Thai coup
Soldiers hold their weapons as they guard a road in central Bangkok, a day after the Thai army chief seized power in a coup Reuters

Continuing its crackdown on politicians and opinion-makers, the Thai junta is summoning and detaining key figures.

At least 35 prominent people including academics have been summoned, a day after the army called more than 100 leaders.

The order from the National Peace and Order Maintaining Council (NPOMC) has told leading pro-democracy writers and scholars to report at the military auditorium in Bangkok.

Journalists and cameramen are not allowed inside the building which is heavily guarded by troops.

When former prime minister Yingluck Shinawatra reported to the NPOMC along with several other politicians, she was detained by the army; coup officials have assured she is safe.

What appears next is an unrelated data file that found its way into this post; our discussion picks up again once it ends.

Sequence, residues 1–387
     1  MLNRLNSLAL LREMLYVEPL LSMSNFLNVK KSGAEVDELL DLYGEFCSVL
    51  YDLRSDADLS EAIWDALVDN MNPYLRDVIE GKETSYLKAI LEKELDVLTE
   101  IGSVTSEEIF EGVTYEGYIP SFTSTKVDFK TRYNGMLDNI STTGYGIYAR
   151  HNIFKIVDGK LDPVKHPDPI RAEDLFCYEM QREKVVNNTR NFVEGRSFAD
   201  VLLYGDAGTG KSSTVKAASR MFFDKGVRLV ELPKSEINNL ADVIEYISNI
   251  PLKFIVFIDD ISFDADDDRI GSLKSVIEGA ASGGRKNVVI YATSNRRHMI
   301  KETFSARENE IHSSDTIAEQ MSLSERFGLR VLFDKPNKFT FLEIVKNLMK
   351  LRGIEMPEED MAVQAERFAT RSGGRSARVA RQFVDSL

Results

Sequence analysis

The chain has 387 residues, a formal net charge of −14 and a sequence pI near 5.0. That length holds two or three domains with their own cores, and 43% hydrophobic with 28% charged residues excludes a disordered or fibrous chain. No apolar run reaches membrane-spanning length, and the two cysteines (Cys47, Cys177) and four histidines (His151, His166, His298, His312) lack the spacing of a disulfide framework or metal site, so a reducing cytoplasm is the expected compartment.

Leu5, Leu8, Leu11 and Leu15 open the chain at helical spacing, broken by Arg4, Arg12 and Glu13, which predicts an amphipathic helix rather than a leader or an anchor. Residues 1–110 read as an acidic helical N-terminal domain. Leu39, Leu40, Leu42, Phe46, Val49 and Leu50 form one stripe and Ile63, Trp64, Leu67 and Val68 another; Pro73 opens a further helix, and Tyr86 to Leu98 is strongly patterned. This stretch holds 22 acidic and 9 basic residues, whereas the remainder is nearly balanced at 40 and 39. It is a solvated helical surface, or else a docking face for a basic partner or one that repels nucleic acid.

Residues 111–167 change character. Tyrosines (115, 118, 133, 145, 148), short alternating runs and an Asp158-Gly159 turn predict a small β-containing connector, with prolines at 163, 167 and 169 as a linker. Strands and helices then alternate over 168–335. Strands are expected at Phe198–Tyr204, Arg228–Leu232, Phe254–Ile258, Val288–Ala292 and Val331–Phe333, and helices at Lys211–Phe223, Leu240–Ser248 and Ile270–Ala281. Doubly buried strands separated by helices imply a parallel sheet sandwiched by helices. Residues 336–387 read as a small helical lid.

Speaking about the detention of the former leaders, a military spokesperson named Colonel Veerachon told Al Jazeera: "We are looking after them very well. They are all under detention. We want them to talk and give them some time to relax. They are not together at the moment."

Meanwhile, the US has suspended its $3.5m (£2.1m) in military aid to Thailand citing the coup.

"We have already suspended approximately $3.5 million. We are reviewing all programs to determine other assistance which we may suspend," US State Department spokesperson Marie Harf told reporters.

"We urge the immediate restoration of civilian rule, a return to democracy and, obviously, respect for human rights during this period of uncertainty."

The US has also updated its travel advisory to its nationals. It urged US citizens to "reconsider any non-essential travel to Thailand".

"US citizens are advised to stay alert, exercise caution and monitor international and Thai media."